OVER 30,000 ALIEN NORTHERN MARIANAS WORKERS DO
NOT HAVE HEALTH CERTIFICATES
By Gemma Q. Casas
SAIPAN, Northern Mariana Islands - (April 15, 1998 - Saipan Tribune)---Of the estimated 42,000 alien workers here , only 11,093 or 26.4 percent have so far complied with the recently implemented new health screening regulation, the Department of Public Health said yesterday.
Of the figure, only 6,682 were issued health certificates. The rest have yet to get theirs for various reasons, said Acting Health Secretary Joseph Kevin Villagomez.
"This represents fewer than 30 percent of the estimated 42,000 alien workers presently in the CNMI," Villagomez said in a news statement.
He said about 133 alien workers were referred by various private clinics to the Commonwealth Health Center's Chest Clinic for having abnormal chest x-rays.
As of 2 PM yesterday, 60 of these alien workers have been confirmed to have active tuberculosis or TB.
"The 60 cases represent another dramatic increase, confirming the Division's concern that alien workers had not been adequately screened and that there are a lot more undiagnosed tuberculosis cases in the community," Villagomez said.
The new health screening regulation is currently implemented on an emergency basis for a period of 90 days commencing on February 25 and ending on May 25.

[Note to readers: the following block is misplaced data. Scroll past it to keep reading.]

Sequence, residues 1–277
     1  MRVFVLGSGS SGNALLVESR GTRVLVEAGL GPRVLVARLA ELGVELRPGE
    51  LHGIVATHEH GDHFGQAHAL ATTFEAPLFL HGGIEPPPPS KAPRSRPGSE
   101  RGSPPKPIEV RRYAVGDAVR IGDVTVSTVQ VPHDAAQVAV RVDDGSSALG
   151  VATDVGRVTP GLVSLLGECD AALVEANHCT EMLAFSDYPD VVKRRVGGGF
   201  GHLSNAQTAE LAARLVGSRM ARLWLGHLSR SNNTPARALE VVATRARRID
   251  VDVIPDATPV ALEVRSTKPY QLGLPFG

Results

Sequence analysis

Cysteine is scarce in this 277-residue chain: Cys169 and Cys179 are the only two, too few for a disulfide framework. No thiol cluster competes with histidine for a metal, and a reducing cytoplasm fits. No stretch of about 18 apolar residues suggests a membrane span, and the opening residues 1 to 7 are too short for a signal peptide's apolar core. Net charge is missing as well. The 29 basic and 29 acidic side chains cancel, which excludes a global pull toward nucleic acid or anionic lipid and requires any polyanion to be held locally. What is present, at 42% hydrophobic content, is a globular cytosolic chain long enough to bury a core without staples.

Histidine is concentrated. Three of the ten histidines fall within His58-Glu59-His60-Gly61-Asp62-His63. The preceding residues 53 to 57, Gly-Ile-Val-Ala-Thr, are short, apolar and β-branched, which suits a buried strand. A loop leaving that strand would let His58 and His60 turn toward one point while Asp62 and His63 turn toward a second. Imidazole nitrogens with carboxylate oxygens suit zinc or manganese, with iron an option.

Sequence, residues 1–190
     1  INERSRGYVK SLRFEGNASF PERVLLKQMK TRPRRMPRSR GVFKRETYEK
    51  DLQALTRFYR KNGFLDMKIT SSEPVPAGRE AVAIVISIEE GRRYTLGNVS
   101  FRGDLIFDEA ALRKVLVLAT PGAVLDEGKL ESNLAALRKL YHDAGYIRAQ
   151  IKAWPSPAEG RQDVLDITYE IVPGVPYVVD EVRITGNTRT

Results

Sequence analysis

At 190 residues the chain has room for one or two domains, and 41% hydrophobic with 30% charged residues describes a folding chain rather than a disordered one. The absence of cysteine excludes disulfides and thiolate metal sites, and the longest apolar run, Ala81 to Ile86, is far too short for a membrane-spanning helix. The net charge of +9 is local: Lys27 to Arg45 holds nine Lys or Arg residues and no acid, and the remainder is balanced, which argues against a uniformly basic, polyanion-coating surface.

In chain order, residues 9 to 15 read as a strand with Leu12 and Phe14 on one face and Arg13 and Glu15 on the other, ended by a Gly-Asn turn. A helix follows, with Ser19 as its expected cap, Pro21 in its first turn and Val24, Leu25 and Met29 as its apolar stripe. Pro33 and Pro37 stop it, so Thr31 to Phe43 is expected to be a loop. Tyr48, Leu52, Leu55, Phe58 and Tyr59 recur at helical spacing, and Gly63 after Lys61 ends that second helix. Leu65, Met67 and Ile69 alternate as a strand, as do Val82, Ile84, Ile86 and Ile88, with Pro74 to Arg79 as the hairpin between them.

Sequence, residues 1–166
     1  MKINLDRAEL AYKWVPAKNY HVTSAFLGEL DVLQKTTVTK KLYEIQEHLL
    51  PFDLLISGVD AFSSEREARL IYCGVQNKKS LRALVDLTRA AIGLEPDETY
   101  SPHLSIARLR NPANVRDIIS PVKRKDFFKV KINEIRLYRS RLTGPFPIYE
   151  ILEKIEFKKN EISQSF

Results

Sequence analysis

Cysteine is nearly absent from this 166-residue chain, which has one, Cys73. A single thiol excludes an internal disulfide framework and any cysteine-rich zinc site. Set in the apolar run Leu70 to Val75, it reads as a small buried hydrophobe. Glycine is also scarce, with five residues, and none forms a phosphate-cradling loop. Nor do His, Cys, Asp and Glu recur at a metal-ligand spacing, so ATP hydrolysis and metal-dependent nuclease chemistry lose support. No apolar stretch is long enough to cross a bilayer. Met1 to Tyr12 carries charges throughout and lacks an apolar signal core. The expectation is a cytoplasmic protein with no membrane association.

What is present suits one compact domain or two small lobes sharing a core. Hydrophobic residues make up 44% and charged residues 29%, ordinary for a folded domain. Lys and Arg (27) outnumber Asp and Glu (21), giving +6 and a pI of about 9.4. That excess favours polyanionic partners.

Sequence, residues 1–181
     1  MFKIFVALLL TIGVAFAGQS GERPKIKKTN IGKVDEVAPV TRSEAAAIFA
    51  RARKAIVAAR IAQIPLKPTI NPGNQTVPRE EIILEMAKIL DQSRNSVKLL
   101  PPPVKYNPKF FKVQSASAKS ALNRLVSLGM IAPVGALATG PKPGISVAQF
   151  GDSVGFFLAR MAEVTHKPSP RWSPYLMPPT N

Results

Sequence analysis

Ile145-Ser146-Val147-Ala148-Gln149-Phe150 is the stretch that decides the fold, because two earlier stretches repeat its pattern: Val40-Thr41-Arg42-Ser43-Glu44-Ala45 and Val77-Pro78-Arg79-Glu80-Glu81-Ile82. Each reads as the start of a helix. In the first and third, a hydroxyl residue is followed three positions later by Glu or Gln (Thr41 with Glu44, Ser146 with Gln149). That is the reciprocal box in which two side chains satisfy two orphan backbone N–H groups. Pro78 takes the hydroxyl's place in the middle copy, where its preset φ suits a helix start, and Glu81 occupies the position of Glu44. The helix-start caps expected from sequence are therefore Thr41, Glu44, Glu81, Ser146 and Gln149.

The measure was taken after the Atlanta-based Center for Disease Control confirmed the TB rate of the Northern Marianas rose by 100 percent last year compared to 1996.
Significantly, most cases involve alien workers. Alarmed over the situation, the local government imposed the new health regulation.
All alien workers must take new health tests -- chest x-rays for TB, HIV and syphilis tests for sexually transmitted diseases.
Thus far, only a small fraction of the alien workers' population has complied with the new health requirements. But Villagomez said there is no immediate plan of extending the 90-day period yet.
In an interview, John Gonzales, public information officer for health screening regulations, said extending the test-period will defeat the authorities' purpose of containing the problem on communicable diseases.
"We are not contemplating to extend the date simply because most guest workers haven't taken the tests. If we will extend it, we will unnecessarily risk the public's (health)," Gonzales said.